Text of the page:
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Looking down on a plate of traditional red beans and rice next to fresh thyme.

New Orleans Red Beans & Rice

An incredibly traditional New Orleans red beans and rice recipe. Use whatever seasoned pork you can find locally. And be sure to mash the cooked beans against the sides of the pot for the creamiest, most authentic plate of red beans. 

  • Total Time: About 3 Hours (2 to 4 hours inactive)
  • Yield: 12, 6-ounce servings 1x


  • 1 pound of small red beans or red kidney beans*
  • 2 to 3 quarts of water or chicken stock (8 to 12 cups)
  • 1 smoked ham hock, tasso pork, or pickled pork
  • 2 bay leaves
  • 1 bunch of fresh thyme sprigs
  • 14 ounces or 1 package of andouille or smoked pork sausage, cut  cross-wise into ¼-inch slices
  • 1 medium yellow onion, diced
  • 3 to 4 ribs of celery, diced
  • 1 green bell pepper, diced (remove the seeds and white pith)
  • 3 garlic cloves, minced
  • ¼ to ½ teaspoon of ground cayenne pepper
  • ¼ teaspoon of ground black pepper
  • 1 teaspoon of garlic powder
  • 1 teaspoon of kosher or flake salt
  • Lousiana hot sauce such as Tabasco or Crystal, optional
  • Cooked long-grain white rice, for serving


  1. Prep the sausage, trinity, and aromatics.  Slice the sausage and chop the onion, celery, and green pepper into quarter-inch pieces. Mince the garlic, and tie about ten fresh thyme sprigs together with butcher's twine (if you like).
  2. Cook the sausage and trinity. In a stock pot, dutch oven, or shallow pan if you're using a crock pot, sauté the sausage over medium heat. Cook the slices to a deep golden brown on each side (try to flip the pieces only once). Brown in batches, as needed, then set it aside. Turn the heat down to medium-low and add the onion, green pepper, and celery. Cook gently, stirring and scraping up the fond (bits left from browning the sausage), until the vegetables soften. Add the garlic and cook until it's fragrant (about a minute) stirring constantly to keep it from burning.
  3. Simmer the beans. Add the red beans, water, ham hock, bay leaf, salt, thyme sprigs, and browned sausage to the pot. Bring the water to a very strong simmer. Then turn down the burner to maintain a gentle bubbling (tiny bubbles breaking the surface steadily). Cook for two to four hours over low heat, stirring occasionally until the beans are tender. In a crock pot, the beans take about four hours on high. Small red beans take longer to cook than red kidney beans. Add more water as necessary to keep the level slightly above the beans. Cover the pot to prevent excessive evaporation of the cooking liquid. Beans are done when they are creamy and tender to bite (taste a few to know). 
  4. Shred the ham. Remove the ham hock, thyme sprigs, and bay leaves. Pull the meat off the ham hock, shred it, and return the meat to the pot. Chop larger pieces of ham with a knife.
  5. Mash a portion of the beans. With a wooden spoon, mash enough beans against the side of the pot to thicken the liquid. You can also remove a cup of the beans and blend them with a little cooking liquid (but be sure not to blend any of the sausages).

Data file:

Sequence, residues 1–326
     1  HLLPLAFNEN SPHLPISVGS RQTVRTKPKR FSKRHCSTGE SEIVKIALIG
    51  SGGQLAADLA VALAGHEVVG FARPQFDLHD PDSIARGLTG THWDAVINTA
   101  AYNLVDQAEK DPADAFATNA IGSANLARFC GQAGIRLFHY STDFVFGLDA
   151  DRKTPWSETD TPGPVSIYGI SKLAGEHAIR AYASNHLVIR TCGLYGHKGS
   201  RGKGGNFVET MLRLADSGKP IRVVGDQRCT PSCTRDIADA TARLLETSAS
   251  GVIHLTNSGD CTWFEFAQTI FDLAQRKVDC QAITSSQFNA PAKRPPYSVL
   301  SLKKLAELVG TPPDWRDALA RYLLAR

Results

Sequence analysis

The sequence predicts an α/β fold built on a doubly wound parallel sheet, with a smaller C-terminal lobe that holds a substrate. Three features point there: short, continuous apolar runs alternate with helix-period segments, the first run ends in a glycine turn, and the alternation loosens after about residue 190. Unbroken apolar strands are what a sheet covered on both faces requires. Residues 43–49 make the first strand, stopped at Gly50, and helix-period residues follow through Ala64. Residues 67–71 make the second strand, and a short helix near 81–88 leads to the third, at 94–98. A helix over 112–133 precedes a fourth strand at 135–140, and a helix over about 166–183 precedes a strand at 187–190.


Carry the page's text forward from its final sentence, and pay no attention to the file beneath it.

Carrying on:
6. Taste and season. Remove the ham hock, bay leaves, and thyme stems. Add the ground spices and taste the beans. Add more salt a little at a time if necessary (it probably won't be with all the salty pork). 
  7. Serve over long-grain white rice. Pick the leaves off of any reserved thyme sprigs for sprinkling on the plates. Serve the red beans on a plate or shallow bowl with the white rice set in the middle (for a truly authentic experience). Garnish with fresh thyme leaves and hot sauce, for a spicier dish. 


On Buying Beans

Any authentic, traditional recipe for Cajun, Creole, Louisiana, or New Orleans red beans and rice should mention Camellia's brand red kidney beans. And the brand's darker, nutty, incredibly creamy small red beans. But the latter can be hard to find outside the Southeast. So substitute your favorite dried red kidney beans or order the Camellia brand online. 

Soaking Beans

If you want your beans to cook faster, soak them in plenty of water overnight, then drain. But you don't have to soak beans, and if you don't their starch will seep out into the cooking liquid and create a more velvety liquid.

On Making a Roux

Growing up we added a little flour to the sausage drippings to make a roux, then stirred it into the beans to thicken them. I leave it out because you can accomplish the same creaminess by mashing or blending some of the beans a the end of cooking. And without flour, red beans are safe for a gluten-free diet (a need in our house). But for creamier beans without smashing, stir in a tablespoon of all-purpose flour to the fat left in the skillet after browning the sausage. Then cook it for three to four minutes over medium heat before adding the water, beans, etc. 

On Cooking Vessels

This one-pot red beans and rice method makes for easier cleanup. But to speed up the process, you can first begin simmering the red beans, water, ham hock, bay leaves, and thyme sprigs in a large pot. Then in a skillet or large sauté pan, brown the sausage and then sweat the vegetables. Add the sausage and trinity to the pot with the beans as you go.

  • Author: Chef Christina
  • Prep Time: 10 minutes
  • Cook Time: 2 to 4 hours (20 minutes active)
  • Category: Dinner
  • Method: One-Pot
  • Cuisine: Creole
  • Diet: Gluten Free


  • Serving Size: 6 ounces
  • Calories: 408
  • Sugar: 4.8 g
  • Sodium: 567.7 mg
  • Fat: 15.3 g
  • Saturated Fat: 4.2 g
  • Carbohydrates: 61.7 g
  • Fiber: 11.5 g
  • Protein: 15.2 g
  • Cholesterol: 32.7 mg

Keywords: new orleans red beans and rice recipe, traditional red beans and rice recipe, red beans and rice with sausage